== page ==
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In the Tunyo community of Kenya’s Rift Valley, community leaders are taking steps to protect their children from abuses like child labor, female genital mutilation, and parental child neglect. Increased support from other countries, like the United States, could further empower local communities as they seek to create safe spaces for their young ones.
What happens when silenced children are encouraged to speak up?
“Children can now report any form of violation to local authorities, and they would be listened to,” says Edwin Seronei, a community leader in the Tunyo community of Kenya’s Rift Valley.
“You could not hear such in the past. Children feared further abuse if they reported offenders, who are mostly family members.”
Edwin identifies child labor, female genital mutilation, and parental child neglect as the three leading abuses suffered by children in his community.
Edwin is one of 30 people who participated in a community child rights and protection workshop organized by World Vision. He helps protect children in his community by monitoring and reporting any child abuse cases to World Vision and other relevant authorities.
Tunyo community leaders are also using their voices to ensure that their children are protected from abuse, neglect, exploitation, and violence before they happen.
World Vision works with the community and leaders, like Edwin, to create a protective environment for children and ensure that children who are abused, neglected, or exploited can access the legal, educational, physical, and mental health services they need.
As a result of a child rights and protection workshop last year, community members established area advisory committees to educate other community members about the rights of children.
Local community partnerships are essential in order to create a safe environment for children. But support from other countries, like the United States, is also invaluable.
The United States has been a significant leader in the effort to end global child slavery and exploitation. The Trafficking Victims Protection Act (TVPA) is one way the United States works to protect children like those in Edwin’s community.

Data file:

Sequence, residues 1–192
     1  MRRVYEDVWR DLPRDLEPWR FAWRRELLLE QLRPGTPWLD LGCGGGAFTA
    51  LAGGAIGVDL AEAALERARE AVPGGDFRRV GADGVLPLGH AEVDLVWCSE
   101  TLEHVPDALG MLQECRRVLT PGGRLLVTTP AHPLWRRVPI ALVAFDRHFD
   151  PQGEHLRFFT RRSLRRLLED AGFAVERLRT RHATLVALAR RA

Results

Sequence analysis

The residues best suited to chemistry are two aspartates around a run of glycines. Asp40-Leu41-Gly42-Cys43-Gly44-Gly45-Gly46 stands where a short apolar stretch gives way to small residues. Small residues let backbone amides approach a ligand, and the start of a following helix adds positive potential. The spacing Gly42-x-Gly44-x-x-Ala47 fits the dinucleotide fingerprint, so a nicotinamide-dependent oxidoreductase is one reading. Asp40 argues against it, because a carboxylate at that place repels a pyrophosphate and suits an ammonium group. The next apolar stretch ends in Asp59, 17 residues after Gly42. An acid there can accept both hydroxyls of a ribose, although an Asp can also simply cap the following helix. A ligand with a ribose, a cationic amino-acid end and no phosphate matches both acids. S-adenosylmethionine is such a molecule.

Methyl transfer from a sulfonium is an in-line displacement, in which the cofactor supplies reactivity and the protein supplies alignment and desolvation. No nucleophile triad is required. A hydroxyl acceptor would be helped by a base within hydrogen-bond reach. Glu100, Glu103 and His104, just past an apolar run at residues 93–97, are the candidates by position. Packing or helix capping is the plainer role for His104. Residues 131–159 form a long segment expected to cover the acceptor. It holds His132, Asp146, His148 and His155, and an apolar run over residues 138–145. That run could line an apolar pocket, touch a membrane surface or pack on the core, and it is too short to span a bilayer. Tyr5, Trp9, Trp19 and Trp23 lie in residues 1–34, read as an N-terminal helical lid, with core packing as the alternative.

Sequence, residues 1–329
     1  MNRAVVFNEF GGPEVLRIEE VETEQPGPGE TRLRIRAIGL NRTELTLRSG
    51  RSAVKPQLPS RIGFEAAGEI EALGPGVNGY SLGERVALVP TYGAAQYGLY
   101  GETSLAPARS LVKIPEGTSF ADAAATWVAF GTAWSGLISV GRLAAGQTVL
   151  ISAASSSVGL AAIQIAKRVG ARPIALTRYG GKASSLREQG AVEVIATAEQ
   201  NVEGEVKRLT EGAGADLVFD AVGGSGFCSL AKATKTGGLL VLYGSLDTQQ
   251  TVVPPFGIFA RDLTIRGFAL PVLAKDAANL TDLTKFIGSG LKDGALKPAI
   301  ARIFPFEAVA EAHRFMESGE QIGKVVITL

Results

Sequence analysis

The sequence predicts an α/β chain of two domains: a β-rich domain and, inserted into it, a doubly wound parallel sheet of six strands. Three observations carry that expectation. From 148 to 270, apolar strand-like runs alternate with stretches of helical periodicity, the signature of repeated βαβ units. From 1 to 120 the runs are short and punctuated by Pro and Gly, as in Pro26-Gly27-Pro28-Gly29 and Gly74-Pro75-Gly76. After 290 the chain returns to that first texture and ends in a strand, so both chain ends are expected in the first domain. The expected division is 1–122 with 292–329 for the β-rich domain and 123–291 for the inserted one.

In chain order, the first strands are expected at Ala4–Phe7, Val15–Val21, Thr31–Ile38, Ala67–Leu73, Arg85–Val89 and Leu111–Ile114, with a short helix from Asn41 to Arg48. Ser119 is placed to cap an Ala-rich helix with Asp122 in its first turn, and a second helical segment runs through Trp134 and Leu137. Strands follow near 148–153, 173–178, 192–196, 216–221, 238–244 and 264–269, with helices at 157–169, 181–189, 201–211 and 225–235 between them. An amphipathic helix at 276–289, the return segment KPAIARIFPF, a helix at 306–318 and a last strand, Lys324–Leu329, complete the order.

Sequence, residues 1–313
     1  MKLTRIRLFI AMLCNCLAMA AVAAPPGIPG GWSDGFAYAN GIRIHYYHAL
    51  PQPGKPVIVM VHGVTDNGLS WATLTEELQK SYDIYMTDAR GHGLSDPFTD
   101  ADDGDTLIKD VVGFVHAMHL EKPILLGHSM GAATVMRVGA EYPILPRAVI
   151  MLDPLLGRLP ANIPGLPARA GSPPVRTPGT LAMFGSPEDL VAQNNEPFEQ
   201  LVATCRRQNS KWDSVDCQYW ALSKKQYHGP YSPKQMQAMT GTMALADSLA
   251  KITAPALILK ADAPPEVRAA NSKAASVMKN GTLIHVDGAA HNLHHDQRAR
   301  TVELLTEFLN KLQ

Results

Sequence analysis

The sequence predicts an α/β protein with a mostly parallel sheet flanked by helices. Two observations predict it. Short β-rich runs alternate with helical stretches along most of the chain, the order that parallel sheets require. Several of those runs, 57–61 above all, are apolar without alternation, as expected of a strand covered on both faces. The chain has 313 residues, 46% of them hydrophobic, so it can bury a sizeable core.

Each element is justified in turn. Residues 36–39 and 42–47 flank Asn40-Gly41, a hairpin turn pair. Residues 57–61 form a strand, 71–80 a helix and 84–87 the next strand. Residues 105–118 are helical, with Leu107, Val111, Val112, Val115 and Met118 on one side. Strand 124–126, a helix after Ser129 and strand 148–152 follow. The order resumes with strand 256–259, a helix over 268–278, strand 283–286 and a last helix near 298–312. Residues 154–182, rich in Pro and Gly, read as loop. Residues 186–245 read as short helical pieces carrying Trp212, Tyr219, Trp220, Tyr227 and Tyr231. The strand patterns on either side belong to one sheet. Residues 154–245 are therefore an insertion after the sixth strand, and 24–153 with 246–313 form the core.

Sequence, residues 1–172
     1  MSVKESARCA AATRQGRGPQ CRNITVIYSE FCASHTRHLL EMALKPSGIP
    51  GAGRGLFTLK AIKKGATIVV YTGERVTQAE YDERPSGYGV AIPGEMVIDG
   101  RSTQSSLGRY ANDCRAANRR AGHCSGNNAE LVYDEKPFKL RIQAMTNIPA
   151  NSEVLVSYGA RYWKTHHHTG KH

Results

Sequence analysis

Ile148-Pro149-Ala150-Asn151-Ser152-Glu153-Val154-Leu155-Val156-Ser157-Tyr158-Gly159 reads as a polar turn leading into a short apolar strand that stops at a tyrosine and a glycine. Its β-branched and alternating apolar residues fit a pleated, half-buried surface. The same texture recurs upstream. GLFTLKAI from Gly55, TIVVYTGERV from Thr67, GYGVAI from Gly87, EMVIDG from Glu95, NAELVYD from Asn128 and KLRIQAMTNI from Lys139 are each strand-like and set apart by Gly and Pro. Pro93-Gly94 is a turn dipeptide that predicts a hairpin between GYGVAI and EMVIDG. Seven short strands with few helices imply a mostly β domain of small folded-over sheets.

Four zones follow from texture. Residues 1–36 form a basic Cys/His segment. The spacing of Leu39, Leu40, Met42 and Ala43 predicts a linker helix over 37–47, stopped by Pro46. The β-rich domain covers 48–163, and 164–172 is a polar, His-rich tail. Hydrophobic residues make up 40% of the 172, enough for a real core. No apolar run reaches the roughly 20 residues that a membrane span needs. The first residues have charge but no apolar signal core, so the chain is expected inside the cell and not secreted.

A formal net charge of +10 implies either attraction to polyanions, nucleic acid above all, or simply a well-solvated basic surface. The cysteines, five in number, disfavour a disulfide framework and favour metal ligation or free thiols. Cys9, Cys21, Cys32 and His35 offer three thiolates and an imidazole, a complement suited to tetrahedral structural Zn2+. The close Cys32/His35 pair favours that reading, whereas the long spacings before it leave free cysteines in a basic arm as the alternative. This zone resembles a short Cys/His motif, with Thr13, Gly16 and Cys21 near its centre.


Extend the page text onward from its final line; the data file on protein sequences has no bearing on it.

The TVPA created the first comprehensive federal law to address modern-day slavery in the United States and around the world. However, this important piece of legislation expired in 2011, as a result of congressional inaction, and is still waiting for reauthorization.
The TVPA contains critical tools that would support child protection efforts in communities like Tunyo. For instance, in the last Congress, the Senate version of the Trafficking Victims Protection Reauthorization Act (TVPRA) contained an important new tool called the Child Protection Compact Act (CPCA), which would help eradicate child slave labor and commercial sexual exploitation of children in developing countries.
The CPCA would offer additional resources and law enforcement training, protection of survivors, and prosecution of traffickers. It would also help community members, like Edwin, strengthen the protection of children in their own community.
World Vision is advocating for the reintroduction of the reauthorization bill, and for a speedy passage. U.S. anti-trafficking efforts are essentially on hold until the bill is renewed.
Pray for children who are exploited or exposed to violence. Pray for the protection efforts of their communities, and help them live life in all its fullness. Pray that the U.S. Congress would act to protect children from exploitation and violence and support victims of human trafficking.
Call your members of Congress today and ask them to reintroduce and quickly pass the Trafficking Victims Protection Reauthorization Act. Help ensure that the United States remains a leader in the fight against exploitation and trafficking of men, women, and children.
Make a one-time donation to help girls and women in crisis. Your gift will go where it’s needed most, protecting girls and women by equipping skilled, local staff to offer training, education, counseling, small business loans, and other programs that reach women and girls as well as boys — helping to end cycles of abuse and unhealthy beliefs.